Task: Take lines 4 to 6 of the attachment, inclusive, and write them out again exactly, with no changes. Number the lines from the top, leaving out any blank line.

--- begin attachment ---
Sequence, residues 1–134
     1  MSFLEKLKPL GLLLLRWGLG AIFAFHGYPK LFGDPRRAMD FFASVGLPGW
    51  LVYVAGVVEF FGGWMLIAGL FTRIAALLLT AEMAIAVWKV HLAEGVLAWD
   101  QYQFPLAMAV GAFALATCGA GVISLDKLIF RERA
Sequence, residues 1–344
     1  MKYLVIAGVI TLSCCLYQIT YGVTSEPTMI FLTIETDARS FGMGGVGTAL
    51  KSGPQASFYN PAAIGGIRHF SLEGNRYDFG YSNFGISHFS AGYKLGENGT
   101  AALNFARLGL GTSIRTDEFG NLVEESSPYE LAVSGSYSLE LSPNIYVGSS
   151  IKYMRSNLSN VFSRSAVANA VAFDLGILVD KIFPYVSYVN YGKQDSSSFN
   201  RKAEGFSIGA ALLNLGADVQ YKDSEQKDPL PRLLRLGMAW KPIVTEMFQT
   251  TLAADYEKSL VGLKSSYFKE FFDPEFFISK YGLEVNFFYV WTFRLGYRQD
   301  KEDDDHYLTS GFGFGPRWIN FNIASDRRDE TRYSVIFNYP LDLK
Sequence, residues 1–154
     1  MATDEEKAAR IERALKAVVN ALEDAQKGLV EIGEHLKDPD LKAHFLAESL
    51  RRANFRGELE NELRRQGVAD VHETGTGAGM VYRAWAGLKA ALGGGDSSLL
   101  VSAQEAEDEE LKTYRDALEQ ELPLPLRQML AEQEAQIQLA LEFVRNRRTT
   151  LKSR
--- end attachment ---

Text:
   101  QYQFPLAMAV GAFALATCGA GVISLDKLIF RERA
Sequence, residues 1–344
     1  MKYLVIAGVI TLSCCLYQIT YGVTSEPTMI FLTIETDARS FGMGGVGTAL